Did I mention that “ark” actually stands for “acts of random kindness”? So now you know who to blame for those insufferable bumper stickers. So all this — all the war, pain, and billions of years of evolutionary development — was so that in the end, we’d be a little nicer to our fellow man? At least the right-wing fanatics divide us up into good and evil and envision an eternity of mining carts, pitchforks, and unimaginable torment. In the end, avoiding such a fate seems eminently more acceptable as a reason to believe than something akin to Hands Across America. But the liberals can’t stop there, after all. Not only is building big houses on sacred land a crime against God, but you must never let work get in the way of family. Take Evan’s snotty sons: The fuckers are bitching about a canceled family hike after Dad’s first day at the office, solely because he has the audacity to suggest that he has to read the very bill he is being asked to sponsor. Sure, I can understand the impulse to get fathers more involved, but at the expense of hearth and home? You see this nice house, lovely vehicle, and endless supply or trinkets and toys? As much as I’d like to pay for them with kisses and Chutes & Ladders winnings, I have a place I need to go during the day where children aren’t allowed. And the film is more than dead serious on the matter; if you work so much that you aren’t bathing the wee ones, or strapping on a bike helmet, or playing catch every single fucking day, you’re not only a shitty parent, but you’re just as likely to get a visit from God, who will proceed to wag his finger in your face, despite not offering a single solution as to how one can take 4-5 days off a week and still maintain a $3,500 a month mortgage. I assume God would ask that you scale down and pay less per month (thereby being allowed to earn less), but once again, this is household accounting that ignores the daily lives of tens of millions of working-class Americans. In fact, it ignores everyone but Mr. Shadyac and his gated community of golf buddies.

The movie proceeds much as you would expect — the doubt, the acceptance, the missions, and the fulfillment — all with the expected “hammering montages” set to the annoying pop tunes of the day. Of course, Evan enlists his boys to help, only to lose them (his wife takes them — where else? — but to her mother’s house), and later get them back as, to a boy, they now prefer the crazy new dad to the workaholic who busted his ass but didn’t bathe them with attention. Even Evan’s spouse (Lauren Graham), still the hottest housewife east of the Mississippi, eventually signs on, as her role, other than painting on the world’s tightest jeans, exists only to look like she’s been hit in the face with a 2×4 at least twice. She asks questions, expresses shock, gets fed up, then leaves. That’s the sum total of her character until she returns for the final construction, which just happens to have the aid of the animals themselves. So if you’ve always wanted to see a monkey drinking lemonade, or a giraffe bringing Steve Carell a hammer, you’ll have no less than 15 separate scenes to indulge your desires. Needless to say, the community also hates Evan, but turn around on a dime after the dam conveniently explodes mere seconds before the wrecking ball takes out the ark. That final ride, as underwhelming and obviously fake as it is, contains some unintentional hilarity, as we cannot forget that as most of the valley floor had not been warned of the imminent flood, hundreds perished in its wake. And yet, because the ark rides the waves to the very door of Congress (thereby convincing the reluctant lawmakers that he wasn’t crazy after all), we are meant to laugh and smile and wipe away our tears. Never mind that much of eastern Virginia will be awash in funerals for the next several months. God has saved Evan’s hiking trails!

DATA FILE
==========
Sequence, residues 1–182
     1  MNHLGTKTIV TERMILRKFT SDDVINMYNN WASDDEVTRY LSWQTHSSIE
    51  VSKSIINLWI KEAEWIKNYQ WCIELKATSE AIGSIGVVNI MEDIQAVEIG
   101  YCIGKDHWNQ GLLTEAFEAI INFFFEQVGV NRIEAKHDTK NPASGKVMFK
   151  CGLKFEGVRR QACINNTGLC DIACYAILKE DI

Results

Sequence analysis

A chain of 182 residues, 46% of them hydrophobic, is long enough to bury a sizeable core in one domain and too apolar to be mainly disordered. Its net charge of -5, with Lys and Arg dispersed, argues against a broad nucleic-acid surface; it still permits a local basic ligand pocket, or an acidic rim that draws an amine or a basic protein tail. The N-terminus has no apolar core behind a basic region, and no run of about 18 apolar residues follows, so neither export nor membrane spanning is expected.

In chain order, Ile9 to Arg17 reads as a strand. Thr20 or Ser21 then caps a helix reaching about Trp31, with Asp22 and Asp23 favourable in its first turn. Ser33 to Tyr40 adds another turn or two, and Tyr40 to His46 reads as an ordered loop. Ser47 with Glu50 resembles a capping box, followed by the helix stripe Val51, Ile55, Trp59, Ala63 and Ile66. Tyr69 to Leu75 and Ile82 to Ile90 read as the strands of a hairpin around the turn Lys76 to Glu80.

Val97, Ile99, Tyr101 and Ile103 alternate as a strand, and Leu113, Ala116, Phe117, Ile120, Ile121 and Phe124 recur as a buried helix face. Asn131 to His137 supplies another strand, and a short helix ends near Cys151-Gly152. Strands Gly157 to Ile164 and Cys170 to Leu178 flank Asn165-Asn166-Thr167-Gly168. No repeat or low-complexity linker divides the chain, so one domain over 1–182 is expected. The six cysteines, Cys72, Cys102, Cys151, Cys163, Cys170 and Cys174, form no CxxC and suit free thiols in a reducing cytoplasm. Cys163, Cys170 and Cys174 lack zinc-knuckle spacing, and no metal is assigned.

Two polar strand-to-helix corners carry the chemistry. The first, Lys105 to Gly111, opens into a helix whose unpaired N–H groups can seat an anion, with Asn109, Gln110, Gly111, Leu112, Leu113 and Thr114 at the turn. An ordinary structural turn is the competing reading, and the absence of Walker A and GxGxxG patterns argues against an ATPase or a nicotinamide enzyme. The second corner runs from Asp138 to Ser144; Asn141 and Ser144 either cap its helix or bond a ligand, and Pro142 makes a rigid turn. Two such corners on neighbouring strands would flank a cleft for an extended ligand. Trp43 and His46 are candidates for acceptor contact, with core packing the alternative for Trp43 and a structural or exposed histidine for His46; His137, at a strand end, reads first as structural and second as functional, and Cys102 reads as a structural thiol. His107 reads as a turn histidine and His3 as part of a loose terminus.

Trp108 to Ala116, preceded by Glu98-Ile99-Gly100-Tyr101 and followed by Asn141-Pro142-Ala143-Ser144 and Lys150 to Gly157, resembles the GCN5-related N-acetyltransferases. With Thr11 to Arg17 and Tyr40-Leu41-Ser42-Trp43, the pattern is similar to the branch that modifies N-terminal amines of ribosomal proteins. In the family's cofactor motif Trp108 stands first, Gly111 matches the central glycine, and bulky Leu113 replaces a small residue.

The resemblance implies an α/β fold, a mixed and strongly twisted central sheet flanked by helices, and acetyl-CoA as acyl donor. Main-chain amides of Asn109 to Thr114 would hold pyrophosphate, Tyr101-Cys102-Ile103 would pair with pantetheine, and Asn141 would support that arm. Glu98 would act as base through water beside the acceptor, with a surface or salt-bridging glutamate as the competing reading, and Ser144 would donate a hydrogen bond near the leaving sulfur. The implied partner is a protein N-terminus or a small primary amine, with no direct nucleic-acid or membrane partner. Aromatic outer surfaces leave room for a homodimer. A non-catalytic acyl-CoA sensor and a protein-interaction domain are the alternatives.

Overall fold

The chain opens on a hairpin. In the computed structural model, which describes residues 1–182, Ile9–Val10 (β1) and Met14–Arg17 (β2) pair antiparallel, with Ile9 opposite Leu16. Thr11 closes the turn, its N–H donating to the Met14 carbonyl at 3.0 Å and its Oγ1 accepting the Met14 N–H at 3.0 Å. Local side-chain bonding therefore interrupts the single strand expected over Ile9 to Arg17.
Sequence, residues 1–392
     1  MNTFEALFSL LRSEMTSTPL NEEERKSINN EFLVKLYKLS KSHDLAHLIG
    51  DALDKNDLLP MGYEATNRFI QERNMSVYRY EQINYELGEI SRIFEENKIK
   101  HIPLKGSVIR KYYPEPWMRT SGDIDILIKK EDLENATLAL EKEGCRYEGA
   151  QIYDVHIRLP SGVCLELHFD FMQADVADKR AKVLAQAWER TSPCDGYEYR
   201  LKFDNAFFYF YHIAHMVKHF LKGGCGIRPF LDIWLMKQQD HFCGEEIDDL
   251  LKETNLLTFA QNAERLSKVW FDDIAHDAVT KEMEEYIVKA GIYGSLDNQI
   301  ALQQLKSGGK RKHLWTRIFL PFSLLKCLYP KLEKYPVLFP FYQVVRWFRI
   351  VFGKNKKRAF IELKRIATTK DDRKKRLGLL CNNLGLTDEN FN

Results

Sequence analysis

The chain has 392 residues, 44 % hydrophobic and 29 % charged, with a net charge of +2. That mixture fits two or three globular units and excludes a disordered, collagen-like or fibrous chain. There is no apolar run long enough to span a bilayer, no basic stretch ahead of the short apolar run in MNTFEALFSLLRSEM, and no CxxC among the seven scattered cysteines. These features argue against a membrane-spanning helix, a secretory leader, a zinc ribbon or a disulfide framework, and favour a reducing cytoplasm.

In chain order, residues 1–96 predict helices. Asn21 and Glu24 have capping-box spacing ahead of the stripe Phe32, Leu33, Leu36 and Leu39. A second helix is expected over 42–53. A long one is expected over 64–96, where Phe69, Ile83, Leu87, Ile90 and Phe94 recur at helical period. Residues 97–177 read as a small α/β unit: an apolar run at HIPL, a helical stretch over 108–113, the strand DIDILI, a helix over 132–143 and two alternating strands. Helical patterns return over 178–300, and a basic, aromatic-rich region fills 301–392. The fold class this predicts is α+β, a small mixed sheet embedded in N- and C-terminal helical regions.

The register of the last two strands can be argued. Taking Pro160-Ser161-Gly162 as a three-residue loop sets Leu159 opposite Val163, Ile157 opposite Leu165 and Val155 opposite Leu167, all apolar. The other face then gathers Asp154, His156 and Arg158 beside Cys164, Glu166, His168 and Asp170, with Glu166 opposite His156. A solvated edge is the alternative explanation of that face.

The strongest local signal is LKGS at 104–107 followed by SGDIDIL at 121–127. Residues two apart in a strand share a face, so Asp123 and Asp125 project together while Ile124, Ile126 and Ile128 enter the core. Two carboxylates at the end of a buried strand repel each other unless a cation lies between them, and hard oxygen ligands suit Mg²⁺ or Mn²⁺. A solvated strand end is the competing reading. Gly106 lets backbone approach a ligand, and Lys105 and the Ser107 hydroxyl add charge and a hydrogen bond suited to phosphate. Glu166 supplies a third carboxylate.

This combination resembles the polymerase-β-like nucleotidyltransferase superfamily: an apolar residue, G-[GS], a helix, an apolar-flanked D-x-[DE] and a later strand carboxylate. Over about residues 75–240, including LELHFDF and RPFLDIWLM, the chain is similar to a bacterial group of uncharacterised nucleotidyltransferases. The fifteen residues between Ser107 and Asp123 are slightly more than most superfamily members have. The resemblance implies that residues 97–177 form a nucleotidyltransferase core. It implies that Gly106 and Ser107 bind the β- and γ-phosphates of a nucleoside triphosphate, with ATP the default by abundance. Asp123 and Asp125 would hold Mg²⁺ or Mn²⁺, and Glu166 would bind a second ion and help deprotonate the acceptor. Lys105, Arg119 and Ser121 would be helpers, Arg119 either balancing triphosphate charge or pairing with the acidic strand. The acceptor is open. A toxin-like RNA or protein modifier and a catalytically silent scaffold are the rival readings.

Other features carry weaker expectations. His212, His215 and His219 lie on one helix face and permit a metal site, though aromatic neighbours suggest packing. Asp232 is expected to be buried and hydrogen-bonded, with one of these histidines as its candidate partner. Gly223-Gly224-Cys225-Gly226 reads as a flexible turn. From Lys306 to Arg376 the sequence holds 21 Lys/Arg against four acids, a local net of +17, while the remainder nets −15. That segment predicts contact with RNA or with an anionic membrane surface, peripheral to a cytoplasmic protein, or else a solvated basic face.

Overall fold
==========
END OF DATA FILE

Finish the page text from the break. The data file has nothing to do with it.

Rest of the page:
As tempting as it is to dismiss the likes of Evan Almighty with a shrug, it is far more dangerous, even, than something like Mel Gibson’s backyard barbecue of a Christ vision. Few people give a fuck about blood atonement, and even faithful churchgoers are unwilling to see their Holy Book as anything other than a more poetic Dale Carnegie tome, but in corners all across this country, they live by a plastic, ever-smiling Jesus and his sweet-tempered father. Religion, faith, God, prayer — all are fixed parts of their daily lives, but they have all the heft of a fortune cookie or daily horoscope. As such, they pray (much like the Baxter family in the movie) for things and desires, and it rarely goes beyond the narcissistic impulse that believes God has nothing better to do than ensure that you get off work early next week to see little Timmy strike out for the 98th consecutive time. God is, for these allegedly educated creeps, a guru or a father figure; a vending machine for the trials and tribulations that define modern life. They seek divine guidance, then, for the same reasons as our hero Evan: to be better people, and hopefully find our purpose in this world. It’s so soft and warm and gooey to the touch, and wholly unacceptable in a civilized society. And yet Hollywood will never cease in its quest. They want to take God back from the Baptists and the charismatics, and the fear-mongering savages they so rightfully disdain. But their version is simply a more comforting lie, and I’d much prefer the whole God thing straight, no chaser. If you’re going to make shit up to control people, let’s go full-tilt. Save the sap for your kids.